In works of humour, especially when a man writes under a fictitious personage, the talking of one's self may give fome diversion to the public ; but I would advise every other writer never to speak of himself, unless there be fomething very confiderable in his character? Though I am fenfible this rule will be of little use in the world, because there is no man who fancies his thoughts worth publishing, that does not look upon himfelf as a considerable person.
I shall close this paper with a remark upon such kas are egotists in conversatior : these are generally the vain or shallow part of mankind, people being naturally full of themselves when they have nothing else in them. There is one kind of egotists, which is very common in the world, though I do not remember that any writer has taken notice of them ; I mean those empty, conceited fellows, who repeat, as sayings of their own, or some of their particular friends, several jests which were made before they were born, and which every one who has converfed
in the world has heard a bundred times over. A for. ward young fellow of my acquaintance was very guilty of this absurdity; he would be always laying a new scene for some old piece of wit, and telling us, that as he and fack Such-a-one were together, one or the other of them had such a conceit on such an occafion; upon which he would laugh very heartily, and wonder the company did not join with him. When his mirth was over, I have often reprehended him out of Terence, Tuumne, obsecro te, hoc di&tum erat? vetus credidi. But finding him still incorrigible, and having a kindness for the young coxcomb, who was otherwise a good-natured fellow, I recommended to his perusal the Oxford and Cambridge jefts, with feveral little pieces of pleasantry of the same nature. Upon the reading of them, he was under no small confusion to find, that all.his jokes had passed through several editions, and that what he thought was a new conceit, and had appropriated to his own use, had ap , peared in print before he or his ingenious friends were ever heard of. This had so good an effect upon him, that he is content at present to pass for a man of plain sense in his ordinary conversation, and is never facerious but when he knows his company,
Magni nominis umbra.
Lucan. 1. i, ver. 135. The shadow of a mighty name.
SHALL entertain my readers with two very curi.
ous letters. The first of them comes from chimerical person, who, I believe, never writ to any body.before. VOL. VIII.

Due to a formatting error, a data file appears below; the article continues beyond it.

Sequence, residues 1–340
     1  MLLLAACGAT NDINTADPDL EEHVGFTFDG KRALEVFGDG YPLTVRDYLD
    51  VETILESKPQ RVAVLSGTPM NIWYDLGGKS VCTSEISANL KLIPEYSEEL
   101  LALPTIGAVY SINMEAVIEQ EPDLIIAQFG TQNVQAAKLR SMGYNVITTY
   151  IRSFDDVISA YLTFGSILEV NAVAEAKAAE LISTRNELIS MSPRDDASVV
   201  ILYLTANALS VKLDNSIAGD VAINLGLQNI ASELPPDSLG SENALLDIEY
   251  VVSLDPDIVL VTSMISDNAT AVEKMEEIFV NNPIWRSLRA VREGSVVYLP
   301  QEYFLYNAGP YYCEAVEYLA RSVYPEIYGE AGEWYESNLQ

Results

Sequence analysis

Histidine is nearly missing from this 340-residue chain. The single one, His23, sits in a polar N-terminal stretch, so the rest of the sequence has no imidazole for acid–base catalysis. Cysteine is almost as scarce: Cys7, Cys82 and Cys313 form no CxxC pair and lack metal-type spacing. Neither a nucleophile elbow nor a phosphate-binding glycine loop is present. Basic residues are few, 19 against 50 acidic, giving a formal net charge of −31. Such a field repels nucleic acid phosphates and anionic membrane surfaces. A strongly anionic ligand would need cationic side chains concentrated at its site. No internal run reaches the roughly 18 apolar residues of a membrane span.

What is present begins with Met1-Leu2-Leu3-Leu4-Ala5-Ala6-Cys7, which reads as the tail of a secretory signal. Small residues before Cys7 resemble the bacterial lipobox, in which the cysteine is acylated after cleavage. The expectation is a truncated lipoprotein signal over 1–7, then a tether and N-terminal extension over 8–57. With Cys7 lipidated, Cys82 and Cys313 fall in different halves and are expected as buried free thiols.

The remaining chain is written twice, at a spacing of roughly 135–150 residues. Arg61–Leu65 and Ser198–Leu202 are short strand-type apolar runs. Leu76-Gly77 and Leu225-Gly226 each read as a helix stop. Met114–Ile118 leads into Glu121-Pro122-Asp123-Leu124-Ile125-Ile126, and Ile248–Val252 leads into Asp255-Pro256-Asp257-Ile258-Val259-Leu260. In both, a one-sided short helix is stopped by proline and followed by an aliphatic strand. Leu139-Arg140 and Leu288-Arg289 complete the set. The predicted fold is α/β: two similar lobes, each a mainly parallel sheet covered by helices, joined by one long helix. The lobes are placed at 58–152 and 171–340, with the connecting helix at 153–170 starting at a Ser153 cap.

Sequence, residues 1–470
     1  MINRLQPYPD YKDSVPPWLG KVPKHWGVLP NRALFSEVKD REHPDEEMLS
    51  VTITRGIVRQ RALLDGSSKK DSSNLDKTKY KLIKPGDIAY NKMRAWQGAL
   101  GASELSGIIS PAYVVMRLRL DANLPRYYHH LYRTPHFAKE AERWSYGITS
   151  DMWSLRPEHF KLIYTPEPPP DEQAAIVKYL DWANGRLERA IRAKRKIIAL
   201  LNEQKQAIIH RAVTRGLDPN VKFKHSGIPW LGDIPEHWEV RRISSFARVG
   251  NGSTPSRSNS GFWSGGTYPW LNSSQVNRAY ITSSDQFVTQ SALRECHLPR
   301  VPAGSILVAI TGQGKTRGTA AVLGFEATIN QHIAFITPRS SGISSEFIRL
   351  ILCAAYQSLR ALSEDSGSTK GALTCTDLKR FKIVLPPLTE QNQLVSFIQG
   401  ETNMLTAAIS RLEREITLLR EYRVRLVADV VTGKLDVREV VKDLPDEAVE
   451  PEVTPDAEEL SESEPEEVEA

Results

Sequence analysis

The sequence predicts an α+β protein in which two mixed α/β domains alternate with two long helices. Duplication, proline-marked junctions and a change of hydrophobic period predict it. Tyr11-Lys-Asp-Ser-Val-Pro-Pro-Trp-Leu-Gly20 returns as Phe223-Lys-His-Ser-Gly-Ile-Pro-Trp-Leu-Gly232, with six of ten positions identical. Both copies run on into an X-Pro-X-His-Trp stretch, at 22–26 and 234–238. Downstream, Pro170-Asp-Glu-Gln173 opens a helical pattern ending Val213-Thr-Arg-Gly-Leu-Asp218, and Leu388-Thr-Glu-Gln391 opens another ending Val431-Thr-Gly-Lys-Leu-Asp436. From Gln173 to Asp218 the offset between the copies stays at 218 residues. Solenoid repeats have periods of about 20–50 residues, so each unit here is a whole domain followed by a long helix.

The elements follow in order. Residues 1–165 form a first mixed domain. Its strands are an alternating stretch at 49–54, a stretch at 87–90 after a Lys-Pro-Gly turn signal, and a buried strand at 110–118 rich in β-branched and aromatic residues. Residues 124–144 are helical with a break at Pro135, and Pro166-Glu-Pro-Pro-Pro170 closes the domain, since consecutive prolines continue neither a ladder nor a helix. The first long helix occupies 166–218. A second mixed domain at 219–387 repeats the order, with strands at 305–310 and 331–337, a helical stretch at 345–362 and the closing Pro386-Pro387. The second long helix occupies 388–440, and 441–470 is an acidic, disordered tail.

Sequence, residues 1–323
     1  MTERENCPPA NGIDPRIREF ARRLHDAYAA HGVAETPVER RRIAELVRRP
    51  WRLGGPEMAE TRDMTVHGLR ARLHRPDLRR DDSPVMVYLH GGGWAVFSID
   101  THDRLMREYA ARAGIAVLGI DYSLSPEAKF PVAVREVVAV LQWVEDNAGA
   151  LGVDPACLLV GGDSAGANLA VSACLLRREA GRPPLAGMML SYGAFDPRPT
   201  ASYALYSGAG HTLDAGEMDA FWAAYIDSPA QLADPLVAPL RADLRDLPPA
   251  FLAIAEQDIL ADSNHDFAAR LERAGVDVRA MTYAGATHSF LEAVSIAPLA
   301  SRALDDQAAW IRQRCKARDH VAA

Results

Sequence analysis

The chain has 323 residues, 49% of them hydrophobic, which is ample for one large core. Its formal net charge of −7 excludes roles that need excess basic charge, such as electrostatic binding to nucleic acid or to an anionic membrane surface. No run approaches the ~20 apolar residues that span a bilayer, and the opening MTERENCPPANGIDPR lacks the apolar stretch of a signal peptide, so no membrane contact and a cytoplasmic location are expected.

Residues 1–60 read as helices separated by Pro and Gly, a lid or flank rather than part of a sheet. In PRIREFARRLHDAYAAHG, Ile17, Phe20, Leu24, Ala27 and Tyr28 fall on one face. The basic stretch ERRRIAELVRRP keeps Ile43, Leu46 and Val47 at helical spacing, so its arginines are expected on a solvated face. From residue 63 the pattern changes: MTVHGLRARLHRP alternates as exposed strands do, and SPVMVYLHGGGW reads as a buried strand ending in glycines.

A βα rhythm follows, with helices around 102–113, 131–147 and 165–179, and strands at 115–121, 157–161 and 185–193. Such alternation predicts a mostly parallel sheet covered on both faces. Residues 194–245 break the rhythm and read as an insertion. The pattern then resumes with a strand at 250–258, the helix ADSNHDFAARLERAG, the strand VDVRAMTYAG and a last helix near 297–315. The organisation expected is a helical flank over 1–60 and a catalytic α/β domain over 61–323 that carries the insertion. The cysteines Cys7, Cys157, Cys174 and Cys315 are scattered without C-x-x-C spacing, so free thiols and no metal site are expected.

(SIR, "I am descended from the ancient family of the « Blanks, a name well known among all men of • business. It is always read in those little white • spaces of writing which want to be filled up, and " which for that reason are called blank spaces, as of
right appertaining to our family: for I consider myself as the Lord of a manor, who lays bis claim to all wastes or spots of ground that are unappro.
priated. I am a near kinsman to John a Styles and * John a Nokes; and they, I am told, came in with
the Conqueror. I am mentioned oftener in both • houses of parliament than any other person in • Great Britain. My name is written, or, more
properly speaking, not written, thus,
myself man, woman, or child. I am sometimes ( metamorphosed into a year of our Lord, a day of • the month, or an hour of the day. I very often • represent a sum of money, and am generally the « first subGdy that is granted to the crown. I have ( now and then supplied the place of several thou« sands of land-foldiers, and have as frequently been
employed in the sea-service.
« Now, Sir, my complaint is this, that I am only " made use of to serve a turn, being always discarded
foon as a proper person is found out to fill up my • place. clf
you have ever been in the play-house before the curtain rises, you see most of the front boxes · filled with nien of my family, who forth with turn
out and resign their stations upon the appearance • of those for whom they are retained.
< But the most illustrious branch of the Blanks are " those who are planted in high posts, until such time • as persons of greater confequence can be found out " to supply them. One of those Blanks is equally, qualified for all offices; he can serve in time of